Mental support, stigma and sleep disturbance were among the most commonly reported issues in this population. The data from this pilot award has led to the publication of 28 related manuscripts and one K23 grant.
PI: Heather Jaspan - 2008 South Africa
Title: Infant Feeding practices, immune activation, and susceptibility to HIV
This pilot study explored whether mixed infant feeding (MF) increases the level of immune activation in the infant, and whether this increased immune activation is due to an alteration in the microbial makeup of the infant gut, which may lead to increased rate of HIV transmission. The specific aims of this project were:
- To ascertain whether different methods of infant feeding impact the level of systemic immune activation measured in the peripheral blood. This proposal assessed infants in South Africa at 6 weeks of age that were fed exclusively breast fed (EBF), formula exclusively, or a combination of breast milk and formula (MF, mixed fed).
- To determine if the different methods of infant feeding, breast, formula, or mixed, alters the levels of lipopolysaccharide (LPS) in peripheral blood of the infants at 6 weeks of age.
- To characterize the differences in the gastrointestinal microflora of infants fed breast milk exclusively, formula exclusively, or mixed fed at 6 weeks of age.
- Cellular activation levels: all infants have tested HIV DNA PCR negative. The preliminary data did not identify a statistical difference between EBF and MF infants in peripheral blood mononuclear cells.
- Quantitative real time RT-PCR assays for detection of inflammatory cytokines: in the preliminary analysis, when testing for significance of individual cytokines, a higher level of TNF-a was detected in MF compared to EBF infants’ blood (p=0.02)(Fig 1). Thus far, the levels of IFN-a or -g, IL-2, -4, -10, -12, IP-10, OAS, Rantes, or TGF-b were not determined to be significantly different between the EBF and MF infant groups.
- Quantification of microbial translocation from the gut: in collaboration with Dr. Douek at the NIH, they quantified plasma levels of microbial byproducts and their ligands in these infants. Activation was measured as a percentage of CD4+ T cells that exhibited either one or two phenotypic markers. The study team observed that the activation of circulating lymphocytes was significantly correlated with sCD14, which may be due to bacterial translocation. Future studies using the 16srDNA assay or more advanced assays developed by Dr. Douek’s laboratory will likely be useful in identifying the translocation of microbial products in the in the plasma of the South African infants.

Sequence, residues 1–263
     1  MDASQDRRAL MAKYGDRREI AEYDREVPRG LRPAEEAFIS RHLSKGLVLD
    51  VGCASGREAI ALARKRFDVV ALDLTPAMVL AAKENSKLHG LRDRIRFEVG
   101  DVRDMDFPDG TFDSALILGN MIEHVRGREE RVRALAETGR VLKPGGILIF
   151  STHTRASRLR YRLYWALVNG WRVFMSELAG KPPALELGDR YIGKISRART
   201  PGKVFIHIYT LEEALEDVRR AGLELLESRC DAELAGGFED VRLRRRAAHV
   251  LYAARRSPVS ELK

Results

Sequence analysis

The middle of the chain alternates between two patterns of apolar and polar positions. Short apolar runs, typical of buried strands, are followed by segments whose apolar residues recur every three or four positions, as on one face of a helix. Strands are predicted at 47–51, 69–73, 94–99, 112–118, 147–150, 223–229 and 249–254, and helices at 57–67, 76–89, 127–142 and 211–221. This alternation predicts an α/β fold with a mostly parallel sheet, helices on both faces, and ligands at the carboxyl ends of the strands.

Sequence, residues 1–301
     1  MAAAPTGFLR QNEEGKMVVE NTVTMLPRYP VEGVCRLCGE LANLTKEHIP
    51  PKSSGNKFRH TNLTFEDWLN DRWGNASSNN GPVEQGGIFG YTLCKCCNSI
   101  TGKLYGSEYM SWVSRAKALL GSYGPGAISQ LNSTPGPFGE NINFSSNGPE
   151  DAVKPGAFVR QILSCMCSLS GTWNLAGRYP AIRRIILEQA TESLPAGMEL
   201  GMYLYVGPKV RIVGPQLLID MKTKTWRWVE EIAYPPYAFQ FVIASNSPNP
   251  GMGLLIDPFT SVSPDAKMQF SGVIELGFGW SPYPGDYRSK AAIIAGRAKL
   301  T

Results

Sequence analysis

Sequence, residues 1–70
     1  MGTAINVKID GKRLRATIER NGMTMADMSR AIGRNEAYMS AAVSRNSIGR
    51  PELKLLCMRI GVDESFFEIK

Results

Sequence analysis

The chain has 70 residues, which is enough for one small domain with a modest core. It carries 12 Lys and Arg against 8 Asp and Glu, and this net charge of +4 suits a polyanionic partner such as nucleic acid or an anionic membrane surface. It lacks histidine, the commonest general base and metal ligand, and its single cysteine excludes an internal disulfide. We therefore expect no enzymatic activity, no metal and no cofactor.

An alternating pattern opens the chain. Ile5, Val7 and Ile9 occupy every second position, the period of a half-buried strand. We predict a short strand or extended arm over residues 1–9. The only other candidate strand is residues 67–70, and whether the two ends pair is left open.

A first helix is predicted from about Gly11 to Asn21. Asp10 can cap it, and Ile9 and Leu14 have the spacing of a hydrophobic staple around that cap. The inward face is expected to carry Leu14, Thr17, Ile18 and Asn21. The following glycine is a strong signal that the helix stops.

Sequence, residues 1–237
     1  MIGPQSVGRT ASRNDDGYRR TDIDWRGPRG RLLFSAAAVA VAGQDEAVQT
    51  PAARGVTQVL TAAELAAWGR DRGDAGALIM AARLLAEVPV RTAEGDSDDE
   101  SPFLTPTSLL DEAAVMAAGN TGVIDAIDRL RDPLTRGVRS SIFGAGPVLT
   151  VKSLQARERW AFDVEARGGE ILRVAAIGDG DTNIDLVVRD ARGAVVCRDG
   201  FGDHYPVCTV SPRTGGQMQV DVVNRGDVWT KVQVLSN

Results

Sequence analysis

- They quantified the levels of pro and anti-inflammatory cytokines in the saliva of predominantly BF vs. MF infants and found higher in IL7 and IFNa in the PBF infants (fig 2), although these differences were not statistically significant after adjusting for multiple comparisons.
- Stool microbial makeup. There was a clustering of microbial patterns according to feeding practices.
Ongoing partnerships from this work include US and international collaborations between US, Canadian, South African, and Nigerian collaborators. The preliminary data from this award has led to two larger grants, a 2010 UW CFAR NIA and a K08 award from the Eunice Kennedy Shriver Institutes of Child Health and Human Development (K08 HD069201), and a longitudinal study to further explore feeding practices, immune activation, microbial translocation, and susceptibility to HIV.
PI: Tuofo Zhu - 2007 China
Title: Extraordinarily Low Levels of HIV-1 Infection in China
The primary goal of this pilot study was to initiate a screening for ELLHI from 100 high risk individuals in China by taking advantage of newly developed ultrasensitive high throughput PCR. This new PCR detection method is sensitive to detect one HIV-1 copy from genomic ACH2 DNA and has been applied to testing primary infected patient samples in Chinese high risk seronegative individuals. Dr. Zhu used the new PCR methods while screening for HIV-1 DNA from 5 million PBMC of 100 high risk seronegative individuals including partners of HIV-1 infected individuals and injecting drug users collected at Chinese collaborative sites. The team performed sequence analyses to verify the PCR positives. The specific aims of this project were:
- To screen for ELLHI in seronegative persons with high-risk exposures in China.
- To confirm ELLHI and characterize HIV-1 sequences in ELLHI.
Results: The team found that two of the 100 high risk seronegative individuals were HIV-1 DNA positive. The team performed sequence analyses to verify the PCR positives. They also performed further confirmation studies including second PCR test on HIV-1 DNA positive samples identified from first screening, and performed sequencing and sequence analyses for positive PCR products. One of the two high risk seronegative individuals who were initially HIV-1 DNA positive at one time point sample were confirmed with HIV-1 C2-V3 sequences and confirmed as ELLHI.
Building on research from this award, Dr. Zhu’s research group has obtained funding for two major international collaborative studies resulting in 7 publications
PI: Pedro Goicochea - 2007 Peru, Brazil, Ecuador
Title: Formative Research to Assess MSM Acceptability and Willingness to Participate in a Circumcision Trial
The aim of this project, led by Dr. Pedro Goicochea was to assess the feasibility of implementing a male circumcision intervention in four cities in South America. Interviews and focus groups took place in Lima and Iquitos, Peru (INMENSA and ACSA); Rio de Janeiro, Brazil (FioCruz), and Guayaquil, Ecuador (Equidad) and between late 2008 and early 2009. Thirty six interviews and 18 focus groups were conducted, and all interviews were transcribed, coded and entered into a qualitative database. The specific aims of this study were:
- To assess willingness and acceptability to participate in a male circumcision trial for HIV prevention
- To identify concerns and cultural and ideological differences and barriers for participating in a male circumcision trial for HIV prevention
- To identify information needs, potential recruitment strategies and recruitment messages for a male circumcision trial among HIV-negative MSM in South America
- To assess the feasibility of male circumcision intervention as a public health policy